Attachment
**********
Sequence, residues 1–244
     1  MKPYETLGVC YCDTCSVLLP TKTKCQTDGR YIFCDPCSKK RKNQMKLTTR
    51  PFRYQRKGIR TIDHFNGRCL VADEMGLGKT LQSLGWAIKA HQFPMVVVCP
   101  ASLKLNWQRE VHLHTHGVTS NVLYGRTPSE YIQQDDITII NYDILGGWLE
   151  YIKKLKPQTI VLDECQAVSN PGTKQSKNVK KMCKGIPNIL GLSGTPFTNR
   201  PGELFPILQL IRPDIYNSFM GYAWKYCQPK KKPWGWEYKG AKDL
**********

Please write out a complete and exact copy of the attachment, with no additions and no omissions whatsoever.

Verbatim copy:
Sequence, residues 1–244
     1  MKPYETLGVC YCDTCSVLLP TKTKCQTDGR YIFCDPCSKK RKNQMKLTTR
    51  PFRYQRKGIR TIDHFNGRCL VADEMGLGKT LQSLGWAIKA HQFPMVVVCP
   101  ASLKLNWQRE VHLHTHGVTS NVLYGRTPSE YIQQDDITII NYDILGGWLE
   151  YIKKLKPQTI VLDECQAVSN PGTKQSKNVK KMCKGIPNIL GLSGTPFTNR
   201  PGELFPILQL IRPDIYNSFM GYAWKYCQPK KKPWGWEYKG AKDL